Edward Herbert, 3rd Baron Herbert of Chirbury

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Edward Herbert, 3rd Baron Herbert of Chirbury (died 1678) was an English aristocrat and soldier.

Edward Herbert, 3rd Baron Herbert of Chirbury, portrait by Gerard Soest.


He was the elder son of Richard Herbert, 2nd Baron Herbert of Chirbury. He joined the royalist uprising under Sir George Booth, when he declared for Charles II in Cheshire in 1659, and suffered a short imprisonment. After the Restoration he was made custos rotulorum of Montgomeryshire (24 August 1660), and Denbighshire (1666).

Richard Davies a Quaker, of Welshpool in Montgomeryshire, often appealed to Herbert in behalf of coreligionists committed to prison; and Herbert was sympathetic. He was, Davies says, a very big fat man.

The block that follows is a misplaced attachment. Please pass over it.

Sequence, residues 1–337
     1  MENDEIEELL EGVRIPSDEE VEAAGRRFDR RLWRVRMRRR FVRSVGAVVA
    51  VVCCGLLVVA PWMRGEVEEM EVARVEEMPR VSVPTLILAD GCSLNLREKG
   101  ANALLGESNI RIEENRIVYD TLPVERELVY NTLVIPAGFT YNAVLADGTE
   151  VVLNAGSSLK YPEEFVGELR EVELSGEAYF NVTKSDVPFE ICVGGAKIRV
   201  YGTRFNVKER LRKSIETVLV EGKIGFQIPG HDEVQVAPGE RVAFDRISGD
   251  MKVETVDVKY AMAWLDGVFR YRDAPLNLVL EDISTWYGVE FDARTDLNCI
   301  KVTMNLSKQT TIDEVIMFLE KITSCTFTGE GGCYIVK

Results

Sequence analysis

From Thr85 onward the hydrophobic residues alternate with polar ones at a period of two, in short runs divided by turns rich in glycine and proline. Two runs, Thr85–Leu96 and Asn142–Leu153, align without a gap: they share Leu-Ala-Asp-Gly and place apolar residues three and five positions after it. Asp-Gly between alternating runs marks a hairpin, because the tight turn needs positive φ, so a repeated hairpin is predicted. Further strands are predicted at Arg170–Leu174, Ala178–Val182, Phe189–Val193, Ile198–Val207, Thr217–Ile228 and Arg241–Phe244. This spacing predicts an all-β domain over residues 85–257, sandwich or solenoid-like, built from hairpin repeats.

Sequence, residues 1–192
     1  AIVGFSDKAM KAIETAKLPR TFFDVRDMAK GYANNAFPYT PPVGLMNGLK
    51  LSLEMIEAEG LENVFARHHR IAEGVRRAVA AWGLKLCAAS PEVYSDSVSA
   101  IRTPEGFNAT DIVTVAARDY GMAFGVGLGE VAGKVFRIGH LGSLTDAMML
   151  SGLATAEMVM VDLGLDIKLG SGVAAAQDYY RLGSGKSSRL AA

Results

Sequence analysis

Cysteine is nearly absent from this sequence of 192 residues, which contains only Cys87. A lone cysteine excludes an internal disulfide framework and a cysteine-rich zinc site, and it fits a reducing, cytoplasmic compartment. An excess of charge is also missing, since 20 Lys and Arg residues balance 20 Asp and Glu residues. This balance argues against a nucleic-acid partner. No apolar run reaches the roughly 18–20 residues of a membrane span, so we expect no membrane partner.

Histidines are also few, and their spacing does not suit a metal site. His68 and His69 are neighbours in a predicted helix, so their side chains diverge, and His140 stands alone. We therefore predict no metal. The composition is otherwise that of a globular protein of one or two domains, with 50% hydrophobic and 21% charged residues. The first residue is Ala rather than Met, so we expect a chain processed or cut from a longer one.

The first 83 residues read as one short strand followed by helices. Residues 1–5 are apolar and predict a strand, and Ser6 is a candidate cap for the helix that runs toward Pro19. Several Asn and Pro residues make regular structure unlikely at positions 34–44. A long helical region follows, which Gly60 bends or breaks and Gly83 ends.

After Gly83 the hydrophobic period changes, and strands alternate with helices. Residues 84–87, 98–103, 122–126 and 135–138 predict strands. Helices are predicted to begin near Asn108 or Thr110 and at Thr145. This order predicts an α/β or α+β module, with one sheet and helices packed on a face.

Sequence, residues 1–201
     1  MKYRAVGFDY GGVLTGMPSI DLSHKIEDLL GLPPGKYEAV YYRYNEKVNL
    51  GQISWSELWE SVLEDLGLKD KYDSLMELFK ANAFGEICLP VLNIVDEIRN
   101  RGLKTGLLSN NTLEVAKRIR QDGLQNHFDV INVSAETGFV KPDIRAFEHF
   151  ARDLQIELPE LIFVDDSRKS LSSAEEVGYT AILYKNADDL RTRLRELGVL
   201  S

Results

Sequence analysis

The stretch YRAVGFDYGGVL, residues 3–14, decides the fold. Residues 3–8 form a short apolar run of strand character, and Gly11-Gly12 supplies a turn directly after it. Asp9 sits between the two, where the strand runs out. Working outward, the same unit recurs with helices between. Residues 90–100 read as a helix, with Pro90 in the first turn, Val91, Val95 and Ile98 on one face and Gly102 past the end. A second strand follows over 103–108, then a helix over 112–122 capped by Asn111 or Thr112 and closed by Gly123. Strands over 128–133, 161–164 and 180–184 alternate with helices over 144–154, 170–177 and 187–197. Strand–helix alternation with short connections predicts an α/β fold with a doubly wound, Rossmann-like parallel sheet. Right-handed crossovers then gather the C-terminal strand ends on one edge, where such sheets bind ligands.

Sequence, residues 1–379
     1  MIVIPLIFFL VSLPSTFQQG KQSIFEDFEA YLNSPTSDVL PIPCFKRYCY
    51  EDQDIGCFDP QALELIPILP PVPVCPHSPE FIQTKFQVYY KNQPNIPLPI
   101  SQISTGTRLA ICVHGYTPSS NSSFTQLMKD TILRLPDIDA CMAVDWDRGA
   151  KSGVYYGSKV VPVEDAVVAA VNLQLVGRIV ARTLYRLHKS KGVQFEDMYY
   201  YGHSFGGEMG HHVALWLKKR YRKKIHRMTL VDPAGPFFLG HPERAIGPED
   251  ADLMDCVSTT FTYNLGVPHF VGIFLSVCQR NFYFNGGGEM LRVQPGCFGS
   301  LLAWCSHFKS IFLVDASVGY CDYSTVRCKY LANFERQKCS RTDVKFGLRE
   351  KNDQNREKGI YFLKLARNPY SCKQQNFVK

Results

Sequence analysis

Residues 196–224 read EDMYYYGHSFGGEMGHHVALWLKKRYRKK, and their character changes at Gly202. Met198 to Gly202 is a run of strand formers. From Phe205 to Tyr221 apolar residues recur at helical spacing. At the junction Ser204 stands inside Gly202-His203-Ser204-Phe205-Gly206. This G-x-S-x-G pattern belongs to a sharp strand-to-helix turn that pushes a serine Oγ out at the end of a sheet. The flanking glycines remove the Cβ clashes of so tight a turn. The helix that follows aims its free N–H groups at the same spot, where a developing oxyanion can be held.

Herbert corresponded frequently with his great-uncle, Sir Henry Herbert.[1] He died 9 December 1678, and was buried in St Edmund's Chapel, Westminster Abbey. He built a half timbered mansion in Lymore Park, which was completed in 1677, the year before his death. Lymore lies to the east-southeast of Montgomery, and the house was largely demolished in 1931[2]


Herbert married firstly Anne, daughter of Sir Thomas Myddelton of Chirk Castle, and secondly, Elizabeth, daughter of George Brydges, 6th Baron Chandos, but had no issue.


  1. ^ Smith, Herbert Correspondence , University of Wales Press 1968
  2. ^ Ann & John Welton, "The Story of Montgomery", Logaston Press, 1st edition, 2003, 51-64

 This article incorporates text from a publication now in the public domain"Herbert, Edward (1583-1648)". Dictionary of National Biography. London: Smith, Elder & Co. 1885–1900.